Molecular Determinants of Critical Period in Peripheral Nerve Regeneration

Project: Research

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The failure of regeneration after proximal peripheral nerve (PN) injury causes a catastrophic loss of motor and sensory function. This in turn results in a decreased quality of life for patient and an enormous economic burden to society. There is, therefore, an urgent need to develop new therapeutic interventions for this, and other injuries to the central nervous system (CNS).Our PN connect our brain and spinal cord to the rest of our body, controlling all volitional muscle movements. However, they are fragile and very easily damaged. Injuries of PN induce a loss of motor neural control of target organs. PN can regenerate after injury, and if the site of damage is close to the muscle controlled by the damaged nerve, full muscle function is frequently restored (distal nerve injury). In contrast, if the site of damage is far from the muscle controlled by the damaged nerve (proximal nerve injury) or injury involves complete transection of PN, recovery of muscle function is minimal.How to improve function recovery in proximal PN injury? Researchers and clinicians believe that by increasing the speed of axonal regrow, one can achieve better functional recovery. Therefore, studies in the past decades focus on enhancing the rate of axonal regeneration despite the fact that minimal function recovery has been reported. Why?We have performed a study to address this and identified a growth-associated gene, a small heat shock protein 27, accelerated intrinsic axonal growth and greatly enhance motor function recovery. Further studies showed that there is a “critical period” in mice and humans - if accelerated axons fail to reach the muscle within the critical period, no reinnervations and function recovery will occur. It seems to be a very basic concept but it explains the failure of motor recovery. This major finding initiates new research efforts in understanding how to delay critical period and possibly overcome it, in order to achieve return of motor function.In current proposed study, we aim to address directly, what molecular determinants are necessary for critical period. We will perform a major screening to determine what key molecules favor growth of regenerating axon during critical period and test these molecules in animal model of critical period. We will also examine the unexplored protective effects of Hsp27 on CNS neuron to see if increase intrinsic growth of these axotomized neurons will give them the capacity to regrow.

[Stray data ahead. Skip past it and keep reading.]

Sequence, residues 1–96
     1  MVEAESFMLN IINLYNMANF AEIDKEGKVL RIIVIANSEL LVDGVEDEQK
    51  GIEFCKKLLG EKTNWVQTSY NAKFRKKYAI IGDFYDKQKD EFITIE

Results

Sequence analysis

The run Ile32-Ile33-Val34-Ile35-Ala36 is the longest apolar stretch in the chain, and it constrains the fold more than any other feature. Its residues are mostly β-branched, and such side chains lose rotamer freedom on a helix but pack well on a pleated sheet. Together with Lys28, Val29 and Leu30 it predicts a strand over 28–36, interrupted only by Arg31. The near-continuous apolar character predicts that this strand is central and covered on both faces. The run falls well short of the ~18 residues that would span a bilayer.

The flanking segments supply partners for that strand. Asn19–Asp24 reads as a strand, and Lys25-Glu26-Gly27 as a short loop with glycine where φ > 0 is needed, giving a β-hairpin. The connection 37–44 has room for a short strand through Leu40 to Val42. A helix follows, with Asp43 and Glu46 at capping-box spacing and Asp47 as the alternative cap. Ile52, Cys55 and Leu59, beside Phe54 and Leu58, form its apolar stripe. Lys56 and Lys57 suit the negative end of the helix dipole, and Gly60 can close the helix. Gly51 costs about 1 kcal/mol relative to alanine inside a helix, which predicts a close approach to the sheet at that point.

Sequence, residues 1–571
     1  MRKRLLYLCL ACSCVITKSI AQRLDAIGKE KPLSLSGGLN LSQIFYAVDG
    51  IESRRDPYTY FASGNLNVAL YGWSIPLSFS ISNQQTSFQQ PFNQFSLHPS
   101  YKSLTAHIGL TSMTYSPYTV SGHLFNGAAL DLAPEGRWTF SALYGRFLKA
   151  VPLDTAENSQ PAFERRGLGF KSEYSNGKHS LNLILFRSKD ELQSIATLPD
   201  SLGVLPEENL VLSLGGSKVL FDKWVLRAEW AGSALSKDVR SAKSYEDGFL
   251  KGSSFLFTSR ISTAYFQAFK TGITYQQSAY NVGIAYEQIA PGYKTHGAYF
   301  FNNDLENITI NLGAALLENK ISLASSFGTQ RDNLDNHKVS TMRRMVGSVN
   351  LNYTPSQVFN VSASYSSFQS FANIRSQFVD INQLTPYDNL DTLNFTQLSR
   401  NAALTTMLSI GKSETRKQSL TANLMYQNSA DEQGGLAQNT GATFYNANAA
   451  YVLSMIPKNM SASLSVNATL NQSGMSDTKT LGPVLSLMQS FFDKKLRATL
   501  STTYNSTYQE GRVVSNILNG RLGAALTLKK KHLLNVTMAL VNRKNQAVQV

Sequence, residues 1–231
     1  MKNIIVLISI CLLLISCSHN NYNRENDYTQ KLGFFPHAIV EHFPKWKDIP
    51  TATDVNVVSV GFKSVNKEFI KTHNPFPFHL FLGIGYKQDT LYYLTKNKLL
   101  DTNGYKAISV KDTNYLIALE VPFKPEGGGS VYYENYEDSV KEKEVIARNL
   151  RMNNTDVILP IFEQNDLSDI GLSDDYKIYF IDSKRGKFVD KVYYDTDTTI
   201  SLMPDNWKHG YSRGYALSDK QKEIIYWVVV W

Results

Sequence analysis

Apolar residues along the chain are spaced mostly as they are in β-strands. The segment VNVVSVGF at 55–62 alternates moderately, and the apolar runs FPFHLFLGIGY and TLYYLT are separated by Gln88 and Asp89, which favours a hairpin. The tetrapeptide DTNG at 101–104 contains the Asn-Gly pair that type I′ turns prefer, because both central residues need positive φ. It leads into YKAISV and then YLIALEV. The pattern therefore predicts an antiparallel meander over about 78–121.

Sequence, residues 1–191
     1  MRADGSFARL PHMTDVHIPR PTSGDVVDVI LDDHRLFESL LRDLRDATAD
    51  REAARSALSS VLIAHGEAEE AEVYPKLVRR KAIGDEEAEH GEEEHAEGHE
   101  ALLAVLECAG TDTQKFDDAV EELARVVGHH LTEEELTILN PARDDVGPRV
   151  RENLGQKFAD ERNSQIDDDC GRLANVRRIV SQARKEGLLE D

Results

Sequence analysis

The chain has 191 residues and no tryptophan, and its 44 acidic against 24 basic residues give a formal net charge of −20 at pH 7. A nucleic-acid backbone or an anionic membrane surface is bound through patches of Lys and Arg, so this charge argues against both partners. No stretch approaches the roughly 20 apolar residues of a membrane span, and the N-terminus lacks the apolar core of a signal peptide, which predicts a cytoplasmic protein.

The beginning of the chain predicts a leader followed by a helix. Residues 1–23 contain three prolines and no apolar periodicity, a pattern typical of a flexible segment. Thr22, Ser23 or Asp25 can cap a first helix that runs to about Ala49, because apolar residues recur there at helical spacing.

Project number9041748
Grant typeECS
Effective start/end date1/01/1329/12/16